gmo salmon

GMO Fish – Update on Genetically Modified Salmon

Frankenfish: The Sequel to GMO Fish

By Debbie Kay

The last time that Angler’s Club reported on FDA approval of genetically modified fish, the first strain of aquacultured Atlantic salmon had been approved for import to the US after they were raised in fish farms in Panama.  Recently, however, congress has suspended their import pending agreement on how these salmon should be labeled.  As the salmon will still need approximately three years to grow to market size, this ban is not yet affecting the business of AquaBounty.  The labeling plan must be fully published by the FDA, so it is possible that this will take some time.

The Bill

This ban was spearheaded by Senator Lisa Murkowski of Alaska, and was placed into a larger, all-purpose spending bill as a rider.  It is important to note that this ban is not permanent, but it does allow for some time to reexamine the risks of GMO fish  to the environment, to the commercial fishing industry, and to public health.  The FDA and AquaBounty currently believe that no such problems will be found.  Evironmental groups and fishing interests who fear otherwise, however, will have more opportunity to research and to potentially plead their case.

GMO Fish Labeling

The GMO labeling issue has continued to be a big deal to many consumer rights groups.  There have been a number of bills proposed at the state level to require labels on all foods containing GMO products.  Though the bills have not been wildly successful,

gmo salmon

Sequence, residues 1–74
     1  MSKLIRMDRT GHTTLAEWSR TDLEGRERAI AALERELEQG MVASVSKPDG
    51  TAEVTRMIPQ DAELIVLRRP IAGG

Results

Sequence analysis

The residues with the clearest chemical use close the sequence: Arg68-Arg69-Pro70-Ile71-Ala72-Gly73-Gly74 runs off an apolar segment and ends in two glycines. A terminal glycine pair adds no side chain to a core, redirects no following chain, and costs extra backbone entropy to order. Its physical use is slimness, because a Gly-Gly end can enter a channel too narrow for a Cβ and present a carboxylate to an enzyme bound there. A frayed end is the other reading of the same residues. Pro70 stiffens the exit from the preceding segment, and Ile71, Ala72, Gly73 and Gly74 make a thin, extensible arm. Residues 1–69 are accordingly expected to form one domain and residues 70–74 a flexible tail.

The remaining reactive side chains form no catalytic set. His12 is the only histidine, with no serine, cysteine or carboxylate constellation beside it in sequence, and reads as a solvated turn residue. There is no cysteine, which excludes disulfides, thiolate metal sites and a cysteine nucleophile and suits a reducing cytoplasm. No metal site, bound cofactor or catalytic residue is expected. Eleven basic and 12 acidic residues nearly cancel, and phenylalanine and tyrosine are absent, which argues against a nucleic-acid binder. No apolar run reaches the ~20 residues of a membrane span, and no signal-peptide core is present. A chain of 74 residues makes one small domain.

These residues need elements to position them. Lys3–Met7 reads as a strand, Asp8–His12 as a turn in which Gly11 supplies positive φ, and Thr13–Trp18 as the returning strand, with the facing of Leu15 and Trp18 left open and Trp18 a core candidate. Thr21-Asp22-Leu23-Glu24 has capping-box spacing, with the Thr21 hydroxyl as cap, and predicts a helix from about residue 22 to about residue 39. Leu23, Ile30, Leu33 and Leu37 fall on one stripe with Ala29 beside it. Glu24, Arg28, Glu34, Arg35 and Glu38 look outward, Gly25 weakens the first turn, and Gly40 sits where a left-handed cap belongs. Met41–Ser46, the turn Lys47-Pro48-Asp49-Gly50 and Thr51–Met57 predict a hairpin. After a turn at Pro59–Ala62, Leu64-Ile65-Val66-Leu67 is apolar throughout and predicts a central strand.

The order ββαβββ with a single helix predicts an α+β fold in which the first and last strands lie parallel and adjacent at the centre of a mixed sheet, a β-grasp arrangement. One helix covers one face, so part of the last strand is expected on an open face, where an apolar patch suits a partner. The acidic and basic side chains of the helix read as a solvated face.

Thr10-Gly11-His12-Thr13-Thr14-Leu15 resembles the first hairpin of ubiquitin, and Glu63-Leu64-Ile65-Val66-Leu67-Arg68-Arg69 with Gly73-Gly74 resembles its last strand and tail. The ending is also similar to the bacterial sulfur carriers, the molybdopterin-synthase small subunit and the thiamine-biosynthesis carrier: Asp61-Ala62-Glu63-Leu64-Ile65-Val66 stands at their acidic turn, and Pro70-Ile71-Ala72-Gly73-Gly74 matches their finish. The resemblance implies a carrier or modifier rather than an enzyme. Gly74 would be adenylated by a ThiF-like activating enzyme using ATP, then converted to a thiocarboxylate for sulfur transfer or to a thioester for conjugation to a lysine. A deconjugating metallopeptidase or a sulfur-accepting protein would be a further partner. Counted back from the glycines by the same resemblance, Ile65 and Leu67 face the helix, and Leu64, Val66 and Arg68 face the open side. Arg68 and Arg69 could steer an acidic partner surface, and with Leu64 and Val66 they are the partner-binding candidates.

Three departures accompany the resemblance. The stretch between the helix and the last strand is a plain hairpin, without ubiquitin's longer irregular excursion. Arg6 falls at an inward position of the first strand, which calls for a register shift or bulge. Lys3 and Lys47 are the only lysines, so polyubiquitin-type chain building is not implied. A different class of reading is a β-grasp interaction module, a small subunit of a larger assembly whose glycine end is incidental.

photo credit

they have created enough consumer awareness that a number of companies have begun to place this information on their packaging voluntarily.  The combined forces of GMO awareness advocates and conservation groups will spread awareness of the group even further.  Wild fish advocates have been very successful in labeling farmed fish vs wild caught, and maintaining a market for commercial catches.

What Now?

For now, the populations of all-female, sterile GMO fish in landlocked water bodies and raised in foreign countries will not be making their way to the US.  Several things may happen from here.  The labeling regulations may get waylaid by concerned groups, delaying import and forcing AquaBounty to choose other national markets.  The labeling rules may come swiftly, and no additional problems may be found that would force the FDA to reconsider the safety of their ruling.  Or, something in between.  All interest groups are continuing to work hard during the hiatus, and fully expect things to go their way.  Fishing advocates who do not want these fish to make it to US markets can make a difference in several ways.  First, support GMO labeling efforts.  Vote if they make it to your area, or donate to labeling efforts.  Second, buy wild-caught fish, and support industries who label and encourage wild-caught fishing.  Third, support efforts to balance sustainable fish populations and healthy habitats while encouraging fishing efforts.  Encourage others in your fishing communities to do the same.

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